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Pharmacy in the UK: not RPSGB Mark II


At the beginning of November, Transcom had finished deliberations on the prospectus for the future professional body and it had been dispatched to the RPSGB for Council approval.

Nigel Clark, chair of Transcom, made it known that he believed this blueprint for the leadership recommends a clear culture change, not a “RPSGB Mark II”.

He believes the crucial change is in the way local support will be organised around professional development. Also, raising pharmacists’ media profile and lobbying government and policymakers would be placed at the centre of the new professional body.

He went on to warn RPSGB Council members not to tinker with the blueprint when they met on 6 November to debate the plans, as any intervention would contradict the open nature of the Transcom inquiry. No advance copies were available, but it was confirmed that the prospectus was largely based on the latest Transcom meeting of 22 October. There was an anxious wait for anyone without a copy for the minutes of that meeting to appear on the Transcom website.

Bearing in mind that the professional body will rely on voluntary sign-up from the wider profession, chief executive of RPSGB, Jeremy Holmes, said that the Society faced an uphill struggle to convince pharmacists the new professional body would not be just a rebadged RPSGB. He proposed a 12-week consultation on technical changes to the RPSGB charter in February 2009 to ensure that the Society was fit for purpose as a leadership body. He acknowledged that recent changes to the charter had attracted “enormous mistrust” amongst the membership.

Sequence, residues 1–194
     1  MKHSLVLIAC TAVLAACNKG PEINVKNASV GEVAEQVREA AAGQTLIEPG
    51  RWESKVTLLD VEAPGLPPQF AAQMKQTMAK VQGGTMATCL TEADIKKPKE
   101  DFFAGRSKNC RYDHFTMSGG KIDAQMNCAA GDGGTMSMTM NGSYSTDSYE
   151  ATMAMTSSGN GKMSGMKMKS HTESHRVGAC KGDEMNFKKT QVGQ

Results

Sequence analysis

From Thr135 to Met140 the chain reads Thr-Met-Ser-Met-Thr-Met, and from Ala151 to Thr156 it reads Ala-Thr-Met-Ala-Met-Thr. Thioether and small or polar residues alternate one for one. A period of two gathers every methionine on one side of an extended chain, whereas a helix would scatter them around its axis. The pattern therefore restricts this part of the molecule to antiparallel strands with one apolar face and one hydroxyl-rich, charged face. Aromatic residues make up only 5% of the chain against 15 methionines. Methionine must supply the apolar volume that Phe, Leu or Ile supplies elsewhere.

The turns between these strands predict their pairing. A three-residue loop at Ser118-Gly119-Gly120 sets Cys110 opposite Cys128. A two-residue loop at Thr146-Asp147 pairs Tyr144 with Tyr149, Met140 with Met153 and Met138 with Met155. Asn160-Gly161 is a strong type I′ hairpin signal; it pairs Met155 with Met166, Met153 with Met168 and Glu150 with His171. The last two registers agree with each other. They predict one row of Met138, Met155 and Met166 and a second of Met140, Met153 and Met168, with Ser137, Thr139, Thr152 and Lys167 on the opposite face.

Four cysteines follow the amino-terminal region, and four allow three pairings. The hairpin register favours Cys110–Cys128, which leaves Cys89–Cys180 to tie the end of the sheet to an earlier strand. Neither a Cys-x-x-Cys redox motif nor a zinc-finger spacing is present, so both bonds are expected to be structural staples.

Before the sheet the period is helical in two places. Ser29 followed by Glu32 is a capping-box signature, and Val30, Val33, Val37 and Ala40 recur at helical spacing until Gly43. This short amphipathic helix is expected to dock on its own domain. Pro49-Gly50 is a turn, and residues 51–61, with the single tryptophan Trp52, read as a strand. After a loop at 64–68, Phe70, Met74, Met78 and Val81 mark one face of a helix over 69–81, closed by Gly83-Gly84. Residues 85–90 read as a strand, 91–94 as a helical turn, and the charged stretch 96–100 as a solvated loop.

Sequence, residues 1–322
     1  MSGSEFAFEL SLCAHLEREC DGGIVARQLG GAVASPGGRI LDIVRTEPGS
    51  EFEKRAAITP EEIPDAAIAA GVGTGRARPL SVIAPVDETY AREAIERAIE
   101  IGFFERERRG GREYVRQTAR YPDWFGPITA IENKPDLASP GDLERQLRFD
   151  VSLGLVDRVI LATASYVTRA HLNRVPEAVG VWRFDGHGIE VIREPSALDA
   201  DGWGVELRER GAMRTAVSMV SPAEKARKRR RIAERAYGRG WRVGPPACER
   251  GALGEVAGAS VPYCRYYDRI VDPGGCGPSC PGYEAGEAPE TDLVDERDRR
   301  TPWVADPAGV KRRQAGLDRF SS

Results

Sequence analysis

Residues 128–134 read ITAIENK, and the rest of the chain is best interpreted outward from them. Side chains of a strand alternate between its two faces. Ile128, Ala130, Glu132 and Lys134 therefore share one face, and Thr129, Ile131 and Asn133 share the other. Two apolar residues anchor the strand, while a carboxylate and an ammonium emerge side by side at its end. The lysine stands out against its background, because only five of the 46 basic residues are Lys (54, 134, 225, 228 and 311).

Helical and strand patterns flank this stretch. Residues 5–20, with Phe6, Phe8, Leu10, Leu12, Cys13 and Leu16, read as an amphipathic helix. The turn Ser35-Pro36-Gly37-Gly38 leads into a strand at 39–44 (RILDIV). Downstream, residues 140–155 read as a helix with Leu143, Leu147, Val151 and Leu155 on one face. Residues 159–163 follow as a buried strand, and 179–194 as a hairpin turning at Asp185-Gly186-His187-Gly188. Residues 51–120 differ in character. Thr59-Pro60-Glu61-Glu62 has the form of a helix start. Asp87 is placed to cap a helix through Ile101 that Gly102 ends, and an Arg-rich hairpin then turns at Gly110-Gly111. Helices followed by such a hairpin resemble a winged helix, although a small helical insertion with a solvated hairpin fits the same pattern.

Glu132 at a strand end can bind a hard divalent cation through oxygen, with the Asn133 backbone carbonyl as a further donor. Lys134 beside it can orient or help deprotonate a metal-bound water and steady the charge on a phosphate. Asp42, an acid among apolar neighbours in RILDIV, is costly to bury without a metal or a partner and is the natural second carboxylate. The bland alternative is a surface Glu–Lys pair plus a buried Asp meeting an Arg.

At the November Council meeting it was decided that pharmacists will receive the prospectus for the new professional body on 28 November, with only minor changes made.

There will be a feedback form, so there is the opportunity to reflect the members’ views in the final plans. The consultation will end 9 January, just 12 months from the planned launch of the new body.

The Transcom minutes on the website make interesting reading. Transparency is held to be key. Transcom members discussed the name and the values of the new body, postnominals, regulatory support, professional development, member support and benefits of membership. The committee asked whether the body would be affordable, and whether pharmacists could afford not to be members.

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So, 28 November is awaited with interest.

One important decision made at the RPSGB Council meeting was that there should be a working group set up to oversee transition to the new body. This will comprise those members of Council who currently sit on Transcom, one nominee from the members of each of the Society’s national boards and nominees from other organisations that commit to being part of the new body.

The remit will be to ensure that progress is being made and that there is effective coordination of work streams and risks management. This group will hold its first meeting in the next few weeks.

It will be interesting to see who is around the table and what the word “commit” is taken to mean!

It was stated in the Pharmaceutical Journal recently that there would be no greater demonstration of commitment to the new body than for the majority of the existing bodies to wind themselves up at midnight 31 December 2009 and for them to be wholly integrated within the new body from 12.01 am on 1 January 2010.

The boldest action from pharmacy leaders is to declare their intention to dissolve the bodies they represent. We can only wait and see.

Gill Hawksworth
RPSGB past president


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